In this method, the modulator resonates at the second harmonic of the seed laser. When the electron beam passes one period of the modulator, the seed laser slips ahead by half a wavelength, which will result in a nonzero angular modulation into the electron beam.
The parameter A and the angular modulation amplitude A_{a} satisfy the same relationship as those of the wavefronttilted laser method [equation (16)].
The energy modulation amplitude A_{m} of this method can be written as
Again, to induce a weak energy disturbance, a short modulator period is preferred.
The seed laser power required for a given A_{a} is
with
Note that [gg] is determined by the modulator parameter K. When K is larger than 1, [gg] is around 1.3. In the modulator, K is typically larger than 1, so for fixed A_{a}, λ_{L}, z_{r} and beam parameters, the seed laser power is independent of λ_{u}.
3.3. Numerical comparison
Here, we use the beam parameters listed in Table 1 and assume that the period number of the modulator is 2, the Rayleigh length is 2.78 m and the harmonic number n is 20. For angular modulation methods, the drift length is selected as 3 m. To obtain the same modulation amplitudes in the proposed method and the angular modulation methods, from equations (12) and (16), the dispersion of the dogleg η_{d} in the proposed method is set to 0.75 cm.

As has been mentioned in Section 2, parameter A should be larger or equal to n. And there are mainly two kinds of options for A (i.e. A = n and A = 4n). In the following, we consider these two options separately and list the corresponding main parameters in Tables 2 and 3.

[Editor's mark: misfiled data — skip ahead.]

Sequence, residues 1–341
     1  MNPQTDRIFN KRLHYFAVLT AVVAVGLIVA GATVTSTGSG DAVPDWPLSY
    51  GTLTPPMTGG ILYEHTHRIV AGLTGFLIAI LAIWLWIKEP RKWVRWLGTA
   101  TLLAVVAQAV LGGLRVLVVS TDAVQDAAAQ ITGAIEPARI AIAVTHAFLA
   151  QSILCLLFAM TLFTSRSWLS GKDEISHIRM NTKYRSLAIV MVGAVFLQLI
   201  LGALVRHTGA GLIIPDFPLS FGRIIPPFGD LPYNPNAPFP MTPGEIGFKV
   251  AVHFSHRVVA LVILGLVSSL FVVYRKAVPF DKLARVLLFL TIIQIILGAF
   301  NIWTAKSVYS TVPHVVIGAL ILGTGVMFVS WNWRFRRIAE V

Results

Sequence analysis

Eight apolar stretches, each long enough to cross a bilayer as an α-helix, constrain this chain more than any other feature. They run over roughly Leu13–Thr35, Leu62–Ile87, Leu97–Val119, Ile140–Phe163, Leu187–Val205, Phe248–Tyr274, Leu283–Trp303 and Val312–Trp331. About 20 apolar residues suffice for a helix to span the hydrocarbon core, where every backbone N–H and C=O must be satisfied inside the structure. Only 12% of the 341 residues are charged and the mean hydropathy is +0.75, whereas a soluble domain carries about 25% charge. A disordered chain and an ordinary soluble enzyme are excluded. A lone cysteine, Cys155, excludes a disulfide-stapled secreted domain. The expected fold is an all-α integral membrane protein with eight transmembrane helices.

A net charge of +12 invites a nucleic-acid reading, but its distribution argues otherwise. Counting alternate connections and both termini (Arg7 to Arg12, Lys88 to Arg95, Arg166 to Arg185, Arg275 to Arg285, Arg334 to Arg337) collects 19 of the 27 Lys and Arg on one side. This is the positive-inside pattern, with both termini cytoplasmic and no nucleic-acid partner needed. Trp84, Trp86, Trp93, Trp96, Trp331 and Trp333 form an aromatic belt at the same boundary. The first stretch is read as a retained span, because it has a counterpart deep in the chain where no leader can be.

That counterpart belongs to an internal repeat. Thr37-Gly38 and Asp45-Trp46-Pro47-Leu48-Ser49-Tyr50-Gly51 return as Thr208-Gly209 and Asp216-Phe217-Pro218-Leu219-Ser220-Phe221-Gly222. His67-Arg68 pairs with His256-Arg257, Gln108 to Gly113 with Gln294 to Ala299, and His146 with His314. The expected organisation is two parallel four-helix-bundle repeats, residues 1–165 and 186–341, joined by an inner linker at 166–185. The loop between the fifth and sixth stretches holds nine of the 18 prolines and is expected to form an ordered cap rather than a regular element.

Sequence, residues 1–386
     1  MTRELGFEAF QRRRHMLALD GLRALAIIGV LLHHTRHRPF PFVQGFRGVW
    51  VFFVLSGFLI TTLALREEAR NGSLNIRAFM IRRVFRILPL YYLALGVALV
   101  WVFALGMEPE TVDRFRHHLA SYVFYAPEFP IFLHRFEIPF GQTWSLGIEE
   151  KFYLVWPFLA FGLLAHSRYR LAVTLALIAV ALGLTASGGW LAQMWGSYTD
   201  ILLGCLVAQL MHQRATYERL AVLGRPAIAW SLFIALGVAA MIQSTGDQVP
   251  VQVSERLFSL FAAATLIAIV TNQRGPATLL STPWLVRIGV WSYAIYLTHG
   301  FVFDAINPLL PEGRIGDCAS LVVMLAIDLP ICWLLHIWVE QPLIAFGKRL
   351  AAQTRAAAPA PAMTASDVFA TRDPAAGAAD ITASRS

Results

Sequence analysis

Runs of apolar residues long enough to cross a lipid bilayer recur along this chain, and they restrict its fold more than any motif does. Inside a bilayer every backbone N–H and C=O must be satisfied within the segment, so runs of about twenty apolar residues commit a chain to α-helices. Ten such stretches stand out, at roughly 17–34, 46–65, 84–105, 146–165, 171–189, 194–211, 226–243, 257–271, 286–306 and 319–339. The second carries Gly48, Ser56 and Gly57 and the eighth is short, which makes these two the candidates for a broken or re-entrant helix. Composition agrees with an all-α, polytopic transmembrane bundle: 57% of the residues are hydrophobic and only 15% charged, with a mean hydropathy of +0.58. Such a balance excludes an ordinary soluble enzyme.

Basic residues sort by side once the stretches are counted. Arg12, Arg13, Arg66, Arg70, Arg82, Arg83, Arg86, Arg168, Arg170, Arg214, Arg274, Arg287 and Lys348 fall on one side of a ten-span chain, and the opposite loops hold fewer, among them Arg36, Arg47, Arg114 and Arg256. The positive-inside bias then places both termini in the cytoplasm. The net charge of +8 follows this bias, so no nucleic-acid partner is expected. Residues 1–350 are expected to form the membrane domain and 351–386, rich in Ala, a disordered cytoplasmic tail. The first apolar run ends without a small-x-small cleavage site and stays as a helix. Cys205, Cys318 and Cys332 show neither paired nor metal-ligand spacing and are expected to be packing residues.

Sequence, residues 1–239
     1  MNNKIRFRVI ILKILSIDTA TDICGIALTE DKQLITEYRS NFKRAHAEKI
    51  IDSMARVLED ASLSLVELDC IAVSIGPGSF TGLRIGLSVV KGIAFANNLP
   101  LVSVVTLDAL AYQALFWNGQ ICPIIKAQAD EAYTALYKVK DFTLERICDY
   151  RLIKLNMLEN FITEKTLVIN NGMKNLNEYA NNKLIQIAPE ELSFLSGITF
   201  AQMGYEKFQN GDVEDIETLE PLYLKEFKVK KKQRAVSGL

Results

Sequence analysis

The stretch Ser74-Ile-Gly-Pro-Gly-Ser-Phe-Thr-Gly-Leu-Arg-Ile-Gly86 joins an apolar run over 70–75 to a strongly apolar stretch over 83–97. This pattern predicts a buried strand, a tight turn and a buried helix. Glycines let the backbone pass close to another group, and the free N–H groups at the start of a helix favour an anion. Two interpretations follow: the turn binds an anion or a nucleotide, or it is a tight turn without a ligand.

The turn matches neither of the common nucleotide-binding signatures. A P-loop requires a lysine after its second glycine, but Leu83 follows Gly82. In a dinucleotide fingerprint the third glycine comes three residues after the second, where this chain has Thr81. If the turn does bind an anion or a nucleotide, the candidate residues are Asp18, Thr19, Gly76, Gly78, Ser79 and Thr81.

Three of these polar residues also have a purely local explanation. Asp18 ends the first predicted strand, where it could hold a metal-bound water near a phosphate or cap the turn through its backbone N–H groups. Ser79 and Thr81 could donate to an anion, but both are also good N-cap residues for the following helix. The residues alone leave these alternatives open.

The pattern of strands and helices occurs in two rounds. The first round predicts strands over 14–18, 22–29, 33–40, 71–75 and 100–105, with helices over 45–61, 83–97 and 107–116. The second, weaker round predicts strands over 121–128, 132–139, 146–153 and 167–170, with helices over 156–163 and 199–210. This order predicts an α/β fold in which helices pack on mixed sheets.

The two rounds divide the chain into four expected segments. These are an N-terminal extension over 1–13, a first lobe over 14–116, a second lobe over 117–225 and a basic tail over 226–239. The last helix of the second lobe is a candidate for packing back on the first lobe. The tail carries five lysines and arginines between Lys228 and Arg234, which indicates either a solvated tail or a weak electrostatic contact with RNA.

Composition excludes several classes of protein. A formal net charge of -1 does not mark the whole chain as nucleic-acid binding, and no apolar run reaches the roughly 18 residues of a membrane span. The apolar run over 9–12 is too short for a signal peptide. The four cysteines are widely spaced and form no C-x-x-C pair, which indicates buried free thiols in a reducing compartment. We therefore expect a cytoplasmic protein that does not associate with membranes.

For A = n = 20, the optimal bunching factor is about 15%. The modulation amplitudes for the proposed method (A_{m}) and the angular modulation methods (A_{a}) are all equal to 0.53 (i.e. A_{m} = A_{a} = 0.53). The seed laser powers as a function of λ_{u} are shown in Fig. 2. For the wavefronttilted laser method, the seed laser power for different λ_{u} is calculated at the value of τ from equation (20). To control the seed laser power, a small λ_{u} is required. Here we choose λ_{u} as 4 cm. The corresponding seed laser power and the seed laser tilted angle τ is 0.95 TW and 2.5 mrad, respectively. Note that a smaller λ_{u} can only slightly reduce the seed laser power. For example, when λ_{u} is 3 cm, the seed laser power is reduced only by about 2%, but the corresponding peak magnetic field, B_{0} = 2πmcK/(eλ_{u}), of the modulator is larger than 2.8 T, which will bring great technical challenges. For the offresonance modulation method, the seed laser power is about 13.5 TW for all λ_{u}. Here, we choose a λ_{u} of 6 cm under the consideration of inducing a small energy disturbance and technical limitations of the undulator. For the proposed method, the seed laser power decreases with λ_{u}. One can choose such a large λ_{u} that the seed laser power is more than one order of magnitude smaller than that of the angular modulation methods. For example, when λ_{u} = 40 cm, the seed laser power of the proposed method is only about 0.075 TW.